And what if the next market crash happens right before – or right after – you retire? The last two crashes each vaporized 50% or more of investors’ money.

If you have a significant portion of your retirement savings in the stock market, how would another 50% or more plunge in the value of your nest-egg affect your retirement security?

There’s a Better Way – One That Lets You Grow Your Nest-Egg Safely and Predictably EVERY Year – Even When the Market is Crashing

It’s called Bank On Yourself, and it’s never had a losing year in its 160-plus-year history. It enjoys an unbeatable combination of advantages, which includes guaranteed growth, safety, control, liquidity and some juicy tax benefits.

This is the time of the year when we begin to reflect on our past accomplishments… and what we want to be different and better in the future. Will continuing to do what you’ve been doing get you there?

Take control of your Financial Future Today

Take the first step toward taking back control of your financial future today by requesting a free, no-obligation Bank On Yourself Analysis right here.

Your Analysis will reveal the guaranteed minimum value of your plan on the day you want to tap into it… and at every point along the way. You’ll also discover how you can add hundreds of thousands of dollars to your lifetime wealth simply by using a Bank On Yourself plan to make major purchases, like cars, vacations, business expenses or even a college education.

You have nothing to lose… and a world of financial peace of mind to gain. So request your free Analysis here now.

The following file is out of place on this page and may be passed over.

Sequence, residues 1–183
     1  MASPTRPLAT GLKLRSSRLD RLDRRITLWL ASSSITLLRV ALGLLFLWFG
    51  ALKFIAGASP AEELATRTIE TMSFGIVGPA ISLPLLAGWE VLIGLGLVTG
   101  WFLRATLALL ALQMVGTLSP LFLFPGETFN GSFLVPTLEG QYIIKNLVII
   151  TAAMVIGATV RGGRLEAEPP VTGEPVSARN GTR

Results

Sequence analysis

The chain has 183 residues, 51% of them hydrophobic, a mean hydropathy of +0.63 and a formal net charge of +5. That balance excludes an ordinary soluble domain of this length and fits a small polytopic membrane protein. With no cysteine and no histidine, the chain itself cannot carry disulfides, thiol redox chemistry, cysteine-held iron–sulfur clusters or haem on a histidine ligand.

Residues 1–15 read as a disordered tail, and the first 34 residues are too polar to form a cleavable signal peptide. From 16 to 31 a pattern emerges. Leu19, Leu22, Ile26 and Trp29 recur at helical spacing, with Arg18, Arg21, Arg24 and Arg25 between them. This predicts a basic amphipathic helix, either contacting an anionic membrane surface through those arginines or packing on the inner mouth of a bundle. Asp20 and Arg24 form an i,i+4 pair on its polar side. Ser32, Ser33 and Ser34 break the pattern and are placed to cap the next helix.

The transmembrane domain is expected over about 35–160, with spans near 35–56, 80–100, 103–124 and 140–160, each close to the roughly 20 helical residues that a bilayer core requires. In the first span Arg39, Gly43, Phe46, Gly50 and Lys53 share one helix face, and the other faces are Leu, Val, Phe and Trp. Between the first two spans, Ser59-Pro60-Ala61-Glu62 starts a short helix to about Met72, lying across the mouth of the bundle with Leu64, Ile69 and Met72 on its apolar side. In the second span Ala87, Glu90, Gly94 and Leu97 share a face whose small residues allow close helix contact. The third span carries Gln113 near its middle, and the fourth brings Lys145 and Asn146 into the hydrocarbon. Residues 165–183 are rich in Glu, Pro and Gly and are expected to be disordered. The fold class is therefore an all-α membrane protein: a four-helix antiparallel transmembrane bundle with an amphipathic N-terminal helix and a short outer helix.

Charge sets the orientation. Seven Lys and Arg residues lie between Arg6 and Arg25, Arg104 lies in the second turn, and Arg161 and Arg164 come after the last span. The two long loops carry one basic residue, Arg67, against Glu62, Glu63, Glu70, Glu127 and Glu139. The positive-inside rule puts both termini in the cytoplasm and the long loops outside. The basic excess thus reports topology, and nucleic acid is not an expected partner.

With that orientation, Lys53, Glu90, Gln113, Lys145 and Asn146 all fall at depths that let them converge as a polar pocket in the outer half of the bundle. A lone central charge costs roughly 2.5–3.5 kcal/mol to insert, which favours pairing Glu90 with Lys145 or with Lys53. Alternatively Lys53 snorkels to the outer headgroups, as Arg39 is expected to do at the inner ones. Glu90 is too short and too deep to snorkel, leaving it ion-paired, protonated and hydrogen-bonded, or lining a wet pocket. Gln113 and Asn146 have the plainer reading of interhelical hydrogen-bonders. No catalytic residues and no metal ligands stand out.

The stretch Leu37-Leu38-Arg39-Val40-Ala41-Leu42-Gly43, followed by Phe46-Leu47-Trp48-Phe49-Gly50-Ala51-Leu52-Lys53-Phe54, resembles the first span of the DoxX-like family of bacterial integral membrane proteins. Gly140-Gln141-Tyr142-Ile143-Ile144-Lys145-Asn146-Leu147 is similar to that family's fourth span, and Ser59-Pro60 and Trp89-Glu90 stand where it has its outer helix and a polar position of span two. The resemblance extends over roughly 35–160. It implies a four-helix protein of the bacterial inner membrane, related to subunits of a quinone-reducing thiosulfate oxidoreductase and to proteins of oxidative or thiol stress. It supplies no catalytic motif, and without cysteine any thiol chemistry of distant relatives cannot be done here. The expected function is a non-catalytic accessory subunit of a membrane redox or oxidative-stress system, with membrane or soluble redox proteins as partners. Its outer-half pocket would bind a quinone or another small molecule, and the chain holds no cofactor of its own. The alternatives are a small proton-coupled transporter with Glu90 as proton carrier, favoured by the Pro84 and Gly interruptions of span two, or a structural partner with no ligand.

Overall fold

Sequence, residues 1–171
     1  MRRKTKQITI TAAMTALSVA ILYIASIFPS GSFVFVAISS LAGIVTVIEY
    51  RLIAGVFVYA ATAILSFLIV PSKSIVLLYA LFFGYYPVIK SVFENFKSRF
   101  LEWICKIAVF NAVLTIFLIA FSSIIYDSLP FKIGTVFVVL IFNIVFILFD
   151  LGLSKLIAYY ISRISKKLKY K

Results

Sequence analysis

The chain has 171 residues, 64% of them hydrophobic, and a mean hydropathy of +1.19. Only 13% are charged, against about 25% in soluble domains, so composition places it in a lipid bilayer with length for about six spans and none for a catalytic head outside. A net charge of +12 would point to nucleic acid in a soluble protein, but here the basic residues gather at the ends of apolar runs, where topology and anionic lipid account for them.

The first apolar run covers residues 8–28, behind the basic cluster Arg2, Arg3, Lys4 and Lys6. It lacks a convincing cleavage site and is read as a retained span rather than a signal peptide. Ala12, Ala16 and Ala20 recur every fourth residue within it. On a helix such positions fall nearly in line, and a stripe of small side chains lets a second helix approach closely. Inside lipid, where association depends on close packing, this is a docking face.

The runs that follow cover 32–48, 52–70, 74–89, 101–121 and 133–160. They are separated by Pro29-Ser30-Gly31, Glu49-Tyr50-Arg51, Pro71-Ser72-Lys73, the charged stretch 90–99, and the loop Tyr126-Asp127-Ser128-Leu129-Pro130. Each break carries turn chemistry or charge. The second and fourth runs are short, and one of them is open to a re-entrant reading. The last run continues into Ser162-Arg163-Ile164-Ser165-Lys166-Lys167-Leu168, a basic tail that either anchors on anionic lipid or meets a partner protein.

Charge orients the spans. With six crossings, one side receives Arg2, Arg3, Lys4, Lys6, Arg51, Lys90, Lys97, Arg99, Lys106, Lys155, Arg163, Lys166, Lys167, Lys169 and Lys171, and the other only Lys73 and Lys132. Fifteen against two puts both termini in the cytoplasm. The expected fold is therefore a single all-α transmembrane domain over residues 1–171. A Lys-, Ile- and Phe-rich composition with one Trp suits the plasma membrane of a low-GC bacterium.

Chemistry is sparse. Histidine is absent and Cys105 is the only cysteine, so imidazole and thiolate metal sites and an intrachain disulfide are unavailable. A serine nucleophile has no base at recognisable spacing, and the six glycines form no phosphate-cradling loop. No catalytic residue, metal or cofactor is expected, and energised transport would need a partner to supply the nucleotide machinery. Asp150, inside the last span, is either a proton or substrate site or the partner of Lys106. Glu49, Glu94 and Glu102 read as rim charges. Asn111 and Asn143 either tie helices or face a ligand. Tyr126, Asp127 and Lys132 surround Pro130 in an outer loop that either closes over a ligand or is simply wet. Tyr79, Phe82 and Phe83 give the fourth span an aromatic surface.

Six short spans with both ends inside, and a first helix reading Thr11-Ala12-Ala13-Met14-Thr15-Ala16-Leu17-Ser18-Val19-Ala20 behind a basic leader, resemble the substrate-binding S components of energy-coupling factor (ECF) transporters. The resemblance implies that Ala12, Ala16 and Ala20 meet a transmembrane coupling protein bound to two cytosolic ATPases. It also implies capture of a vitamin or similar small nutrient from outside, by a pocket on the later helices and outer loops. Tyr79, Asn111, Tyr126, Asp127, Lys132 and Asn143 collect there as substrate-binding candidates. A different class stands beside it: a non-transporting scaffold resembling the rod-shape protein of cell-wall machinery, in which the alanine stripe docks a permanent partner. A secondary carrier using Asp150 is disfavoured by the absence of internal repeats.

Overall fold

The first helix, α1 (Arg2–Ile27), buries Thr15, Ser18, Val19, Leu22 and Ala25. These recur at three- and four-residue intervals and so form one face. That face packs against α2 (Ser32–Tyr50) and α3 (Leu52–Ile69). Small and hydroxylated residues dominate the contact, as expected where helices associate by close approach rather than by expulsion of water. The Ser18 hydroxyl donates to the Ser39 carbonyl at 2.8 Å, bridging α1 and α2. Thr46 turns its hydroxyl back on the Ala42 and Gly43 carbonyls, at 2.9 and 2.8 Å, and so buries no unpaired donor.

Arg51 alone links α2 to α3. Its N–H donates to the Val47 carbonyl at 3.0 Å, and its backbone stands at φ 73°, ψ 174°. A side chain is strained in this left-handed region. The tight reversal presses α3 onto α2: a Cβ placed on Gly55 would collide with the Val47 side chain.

Yellow-Button-FREEanalysis-trans

Comments

  1. “…C’mon – humor me and take your best guess…”

    No need to guess, that actual annual RoR for an S&P500 investment (VFINX) from 1/1/2000 through 12/9/2015 is 3.99%.

    Figures for VFINX on morningstar.com, as of today (12/18/2015):

    1 year return: 3.47%
    3 year return (annualized): 14.81%
    5 year return (annualized): 12.62%
    10 year return (annualized): 7.01%

    • Pamela Yellen says:

      The VFINX is a mutual fund, not the S&P 500 Index. And investors should be more interested in the Compound Annual Growth Rate (CAGR), than the average annual gain, for the reasons explained here:

      http://www.investopedia.com/terms/c/cagr.asp

      The growth rate we quoted was actually the CAGR, which smooths out your investment growth over a period of time, providing a clearer picture of your true growth.

  2. John Patterson says:

    I noticed you “updated” the chart. Is that because the S&P was down since the 8th? Are you going to update it again since the S&P is back up again?

    • Pamela Yellen says:

      Glad you’re paying attention! I updated it as of December 18th, 2015, because that was the cut-off date to send updates to my latest book to my publisher. It’s coming out in paperback in a few months.